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This could happen as soon as 2022

NASA wants to analyze some terrain samples from Mars in an effort to answer whether life exists there, but the problem has been transporting such samples from the Red Planet back to Earth. 

But now, it looks as though NASA has found a potential solution: customize a SpaceX Dragon capsule

While this is just a proposal for now and is by no means a planned mission with set funding yet, NASA said that modifying a SpaceX Dragon capsule into a landing craft could be a cost-effective way of bringing Martian samples back to Earth as soon as 2022. 

An internal study at NASA's Ames Research Center in Moffett Field, California revealed that the modified Dragon capsule -- dubbed "Red Dragon" -- would make a direct entry into the atmosphere of Mars and descend to the surface using retro propulsion for a precision touchdown (thanks to SuperDraco rocket engines) instead of a parachute system. 

The study suggests a Red Dragon could land roughly 2 metric tons of useful payload on Mars. A Red Dragon has "several times" the volume of the Viking heritage entry vehicle from the 1970s, and would be equipped to carry a Mars Ascent Vehicle (MAV), an Earth Return Vehicle (ERV), and hardware to transfer samples collected.


[SOURCE: NASA]

From there, the Red Dragon return vehicle would exit the Martian surface, thanks to some help from the MAV, and make its way toward Earth. 

A big plus for Red Dragon is that the mission would not require the transfer of samples from one vehicle to another in Mars orbit.

"The significance of the work is that it opens the door to the efficient achievement of an important planetary science objective at a lower complexity level and, by extension, at potentially lower cost than previously considered," said Andrew Gonzales, leader of the NASA study.

This certainly isn't NASA and SpaceX's first project together. SpaceX -- which is headed by Tesla CEO Elon Musk -- flew its Dragon capsule and Falcon 9 rocket to the ISS for the first time back in May 2012 for a test supply run. After that successful trip, SpaceX and NASA signed a $1.6 billion contract that allows SpaceX to complete 12 supply trips to the ISS and back.

In October 2012, the Dragon capsule completed its first official cargo run to the ISS, bringing home 1,673 pounds of cargo. 

Source: Space.com



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RE: So this is what budget cuts get us?
By MrBlastman on 3/10/2014 11:58:56 PM , Rating: 2
Well, see, that's the thing, there is nothing our Government can do to fix the economy by spending. Not a thing. The other day our stupid President proposed increasing foreign taxes for certain Corporations. He doesn't have a clue.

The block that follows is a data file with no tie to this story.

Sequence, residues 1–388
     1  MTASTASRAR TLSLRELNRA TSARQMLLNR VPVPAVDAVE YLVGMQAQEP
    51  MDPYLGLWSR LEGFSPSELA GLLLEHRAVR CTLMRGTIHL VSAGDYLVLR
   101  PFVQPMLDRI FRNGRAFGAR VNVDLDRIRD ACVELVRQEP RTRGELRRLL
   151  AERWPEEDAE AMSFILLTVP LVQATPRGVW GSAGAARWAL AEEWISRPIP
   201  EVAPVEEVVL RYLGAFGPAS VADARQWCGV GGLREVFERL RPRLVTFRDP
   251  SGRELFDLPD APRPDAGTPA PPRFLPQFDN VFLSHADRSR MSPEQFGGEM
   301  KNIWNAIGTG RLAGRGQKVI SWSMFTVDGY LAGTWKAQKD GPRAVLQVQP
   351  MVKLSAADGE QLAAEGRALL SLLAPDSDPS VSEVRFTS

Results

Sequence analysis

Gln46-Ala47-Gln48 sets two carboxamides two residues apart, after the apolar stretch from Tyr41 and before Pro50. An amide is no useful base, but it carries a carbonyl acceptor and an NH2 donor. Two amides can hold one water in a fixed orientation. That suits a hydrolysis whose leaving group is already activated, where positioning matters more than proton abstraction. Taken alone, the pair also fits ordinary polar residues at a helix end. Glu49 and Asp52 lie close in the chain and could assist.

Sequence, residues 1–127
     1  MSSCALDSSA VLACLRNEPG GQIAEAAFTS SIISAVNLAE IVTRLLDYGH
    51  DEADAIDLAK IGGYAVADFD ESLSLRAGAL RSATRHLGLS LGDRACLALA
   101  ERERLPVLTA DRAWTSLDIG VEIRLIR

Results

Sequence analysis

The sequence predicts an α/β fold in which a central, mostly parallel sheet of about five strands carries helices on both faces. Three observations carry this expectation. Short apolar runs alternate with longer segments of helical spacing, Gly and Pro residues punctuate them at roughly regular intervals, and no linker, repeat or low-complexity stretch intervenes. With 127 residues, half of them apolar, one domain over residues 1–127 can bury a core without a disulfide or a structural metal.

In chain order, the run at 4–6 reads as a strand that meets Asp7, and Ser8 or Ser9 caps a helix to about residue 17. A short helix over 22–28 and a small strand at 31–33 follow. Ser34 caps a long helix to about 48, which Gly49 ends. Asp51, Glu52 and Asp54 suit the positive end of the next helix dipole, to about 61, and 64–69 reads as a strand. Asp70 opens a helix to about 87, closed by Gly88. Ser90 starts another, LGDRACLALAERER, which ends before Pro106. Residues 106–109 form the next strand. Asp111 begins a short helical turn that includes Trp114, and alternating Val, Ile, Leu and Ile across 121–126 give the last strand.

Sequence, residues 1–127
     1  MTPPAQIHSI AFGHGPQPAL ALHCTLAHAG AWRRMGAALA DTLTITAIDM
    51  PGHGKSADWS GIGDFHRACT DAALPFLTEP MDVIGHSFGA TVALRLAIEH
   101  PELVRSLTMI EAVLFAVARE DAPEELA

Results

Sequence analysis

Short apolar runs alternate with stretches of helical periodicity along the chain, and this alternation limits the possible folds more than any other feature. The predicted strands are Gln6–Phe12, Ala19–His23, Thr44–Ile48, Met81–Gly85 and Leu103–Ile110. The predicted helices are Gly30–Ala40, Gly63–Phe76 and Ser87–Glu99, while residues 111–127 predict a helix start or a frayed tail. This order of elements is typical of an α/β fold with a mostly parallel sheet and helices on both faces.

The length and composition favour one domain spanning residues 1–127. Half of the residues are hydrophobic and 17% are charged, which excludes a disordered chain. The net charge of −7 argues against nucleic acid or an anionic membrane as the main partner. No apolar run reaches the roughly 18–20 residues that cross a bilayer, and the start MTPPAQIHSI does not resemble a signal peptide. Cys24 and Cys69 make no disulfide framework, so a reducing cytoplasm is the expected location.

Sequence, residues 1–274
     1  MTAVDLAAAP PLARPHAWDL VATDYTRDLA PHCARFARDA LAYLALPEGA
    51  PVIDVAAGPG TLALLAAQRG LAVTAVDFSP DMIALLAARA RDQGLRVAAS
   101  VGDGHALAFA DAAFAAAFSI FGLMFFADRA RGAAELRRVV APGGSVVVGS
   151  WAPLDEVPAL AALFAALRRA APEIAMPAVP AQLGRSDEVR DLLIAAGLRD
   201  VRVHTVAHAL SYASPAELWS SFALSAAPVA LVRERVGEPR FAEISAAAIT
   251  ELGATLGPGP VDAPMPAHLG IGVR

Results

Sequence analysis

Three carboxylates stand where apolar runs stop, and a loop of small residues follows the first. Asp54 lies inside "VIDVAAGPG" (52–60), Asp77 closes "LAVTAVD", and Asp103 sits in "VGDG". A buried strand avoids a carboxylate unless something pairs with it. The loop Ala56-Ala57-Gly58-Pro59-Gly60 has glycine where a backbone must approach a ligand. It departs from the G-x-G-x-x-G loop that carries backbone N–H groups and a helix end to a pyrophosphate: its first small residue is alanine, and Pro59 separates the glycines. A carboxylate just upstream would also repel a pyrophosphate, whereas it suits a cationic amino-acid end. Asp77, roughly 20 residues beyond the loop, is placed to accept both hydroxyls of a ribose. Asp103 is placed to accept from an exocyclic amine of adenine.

The only thing that can fix this economy is encouraging corporate spending. Nothing else. The corporations hold all the real money (i.e. money in the bank). They have cash. Their cash won't devalue our dollar if it is pumped into the system as it is already there.

If corporations start spending, everyone wins because they will have money in their pockets they can spend which will get the economy moving again.

Our debt... well that's another issue entirely. We need to get our GDP up to a strong level to make our goods/services worth something and somehow achieve positive cash flow on our tax revenue. We'll also have to cut spending. There are PLENTY of other areas we can cut spending in without having to sacrifice NASA (and we can even increase NASA's budget). Trim the whole organization back down to a pre-Lincoln system... i.e. Courts, Congress, President and Military (with NASA on the side and a couple other raw essentials).

Good luck seeing that happen. :( John Wilkes Booth was four years too late.

quote:
Compared to....Star Trek?


Compared with anything remotely serviceable beyond low-Earth orbit that can allow take-off, re-entry and take-off again without refueling. Such a thing doesn't exist yet... But it could.


RE: So this is what budget cuts get us?
By pandemonium on 3/11/2014 6:29:43 AM , Rating: 4
quote:
Well, see, that's the thing, there is nothing our Government can do to fix the economy by spending. Not a thing. The other day our stupid President proposed increasing foreign taxes for certain Corporations. He doesn't have a clue.


You mean the one where it'll make it more difficult for those corporations - that you mention in the next paragraph - to spend in other countries and escape a lot of the U.S.'s taxation otherwise? How do you think all of those corporations are sitting on all of that money in the first place? Yeah, that's stupid. Fix what's broken in our economy. Incredibly dumb. What are they thinking? The only problem with this proposal is financial service companies are exempt from this increased taxation and that'll be a giant loophole; like everything else.

Also, I'd love to hear your dissemination of why our government can't fix the economy by spending. People like to say that it won't, but they can never answer why not. They're just against spending, so that means also removing anything that can be positive in result of building more revenue. That's a sluggish economy retainer. As we've seen in the past, time and time again, you have to spend money to make money.

quote:
If corporations start spending, everyone wins because they will have money in their pockets they can spend which will get the economy moving again.


There's nothing stopping corporations from spending now . What makes you think this'll magically change from being forced by the government? If anything, mandated spending for corporations to communal expenses will only make things worse.